/ Modified mar 25, 2022 3:20 p.m.

Arizona lawmakers may give some politicians an early retirement with full pension

Some members of the elected officials retirement plan could retire at age 55 after 10 years in office, instead of waiting until age 62.

360 cap dome pretty The dome atop the Arizona Capitol Museum at the State Capitol in Phoenix. January 2021.
AZPM Staff

Arizona lawmakers are proposing to let some politicians retire early with full pension benefits.

Members of the elected officials retirement plan can usually get a full retirement at age 62 after ten years of service.

But under Senate Bill 1002, legislators are considering moving up the retirement age to 55.

It would be a limited time offer, however.

Elected officials would have to decide by the end of June whether they want to accept and would have to retire by the end of September.

The plan covers legislators and statewide elected officials as well as county elected officials, like county supervisors. It also includes officials from some cities participating in the plan.

Judges on the state supreme court, court of appeals and superior courts are part of the plan, too

But members could only benefit if they have been in office since before January 1, 2012.

About 240 elected officials and judges would qualify for early retirement under this proposal, according to the Public Safety Personnel Retirement System, which manages the plan.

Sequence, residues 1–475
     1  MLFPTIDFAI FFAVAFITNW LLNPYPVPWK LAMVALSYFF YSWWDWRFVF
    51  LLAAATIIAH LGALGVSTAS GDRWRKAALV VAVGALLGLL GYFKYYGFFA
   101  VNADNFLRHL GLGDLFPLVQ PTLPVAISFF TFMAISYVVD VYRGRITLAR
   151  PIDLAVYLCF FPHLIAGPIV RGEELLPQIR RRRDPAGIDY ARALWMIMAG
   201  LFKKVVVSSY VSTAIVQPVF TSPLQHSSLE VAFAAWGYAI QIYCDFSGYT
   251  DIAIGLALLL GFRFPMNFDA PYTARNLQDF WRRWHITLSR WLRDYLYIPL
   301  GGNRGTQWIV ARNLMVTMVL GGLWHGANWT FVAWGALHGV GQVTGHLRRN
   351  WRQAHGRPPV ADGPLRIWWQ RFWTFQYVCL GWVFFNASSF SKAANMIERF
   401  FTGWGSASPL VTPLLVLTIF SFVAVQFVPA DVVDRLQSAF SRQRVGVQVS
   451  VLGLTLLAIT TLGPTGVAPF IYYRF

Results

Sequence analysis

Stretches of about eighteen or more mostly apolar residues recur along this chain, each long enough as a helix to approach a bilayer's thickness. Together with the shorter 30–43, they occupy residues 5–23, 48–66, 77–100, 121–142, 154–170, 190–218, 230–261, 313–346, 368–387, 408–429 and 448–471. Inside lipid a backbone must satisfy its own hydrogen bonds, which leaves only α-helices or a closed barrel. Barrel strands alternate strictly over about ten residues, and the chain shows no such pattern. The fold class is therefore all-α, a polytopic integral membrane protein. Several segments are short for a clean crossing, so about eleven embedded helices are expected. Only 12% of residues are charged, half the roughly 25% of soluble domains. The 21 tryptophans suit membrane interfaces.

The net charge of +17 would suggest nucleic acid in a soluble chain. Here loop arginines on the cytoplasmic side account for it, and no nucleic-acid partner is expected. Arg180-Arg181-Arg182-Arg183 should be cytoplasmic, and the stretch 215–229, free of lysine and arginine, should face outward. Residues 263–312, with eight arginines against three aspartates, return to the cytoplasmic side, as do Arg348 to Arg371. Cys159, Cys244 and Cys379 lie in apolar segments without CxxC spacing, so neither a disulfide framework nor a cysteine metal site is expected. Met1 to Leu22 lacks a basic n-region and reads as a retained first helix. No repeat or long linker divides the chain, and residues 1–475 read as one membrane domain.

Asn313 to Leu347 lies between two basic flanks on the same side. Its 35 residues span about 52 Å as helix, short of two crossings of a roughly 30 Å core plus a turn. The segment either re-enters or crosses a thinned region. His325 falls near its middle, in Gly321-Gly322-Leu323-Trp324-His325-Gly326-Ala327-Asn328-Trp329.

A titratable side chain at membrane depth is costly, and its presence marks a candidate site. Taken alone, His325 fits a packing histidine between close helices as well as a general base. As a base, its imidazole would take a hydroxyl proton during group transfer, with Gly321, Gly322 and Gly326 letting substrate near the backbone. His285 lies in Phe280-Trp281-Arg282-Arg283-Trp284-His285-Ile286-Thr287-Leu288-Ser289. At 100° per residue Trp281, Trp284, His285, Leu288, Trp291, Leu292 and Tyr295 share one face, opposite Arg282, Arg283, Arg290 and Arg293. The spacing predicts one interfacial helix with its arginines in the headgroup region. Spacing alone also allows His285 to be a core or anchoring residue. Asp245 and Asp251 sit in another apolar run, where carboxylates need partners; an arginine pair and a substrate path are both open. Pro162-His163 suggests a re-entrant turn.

The proposal, sponsored by state Sen. Vince Leach, a Republican from Saddlebrooke, calls for taking $60 million from the state general fund and depositing it into the pension plan to cover the cost of the early retirements.

But it is not expected that everyone would take the offer and Leach told a committee in the House of Representatives earlier this week the funds could also be used to pay down the plan's unfunded liability.

Backers argue the measure would save the pension plan money in future years because it would encourage at least some elected officials to retire early rather than accrue additional benefits in the future and help close out the plan altogether. The Legislature has closed the plan to new members.

The Public Safety Personnel Retirement System says the measure could save the state $3.7 million a year if all eligible officials choose to retire by the end of September.

"When we closed the system a number of years ago, it was like torpedoing the Titanic," state Rep. John Kavanagh, a Republican from Fountain Hills, told the House Government and Elections Committee before it advanced the bill on Wednesday. "So, it is now a sinking ship and we are providing a few extra life boats to get some of the high-cost passengers off."

The bill has won bipartisan support so far but some lawmakers have questioned the timing of the bill, which arrives in the middle of an election season and follows a round of redistricting.

And the bill is written narrowly enough to provide time for Gov. Doug Ducey to appoint the replacements for retiring superior court judges before he leaves office after the coming election.

Leach did not respond to a voicemail message seeking comment.

But state Rep. Diego Rodriguez, a Democrat from Phoenix, said he would not vote for the bill at this point.

"No, given how difficult it is to get appropriations for any number of programs that would benefit a wider group of people — from mental health care to KidsCare — I would definitely vote no on this without more information about why it's needed and more explanation of why it is so narrowly written," he said.

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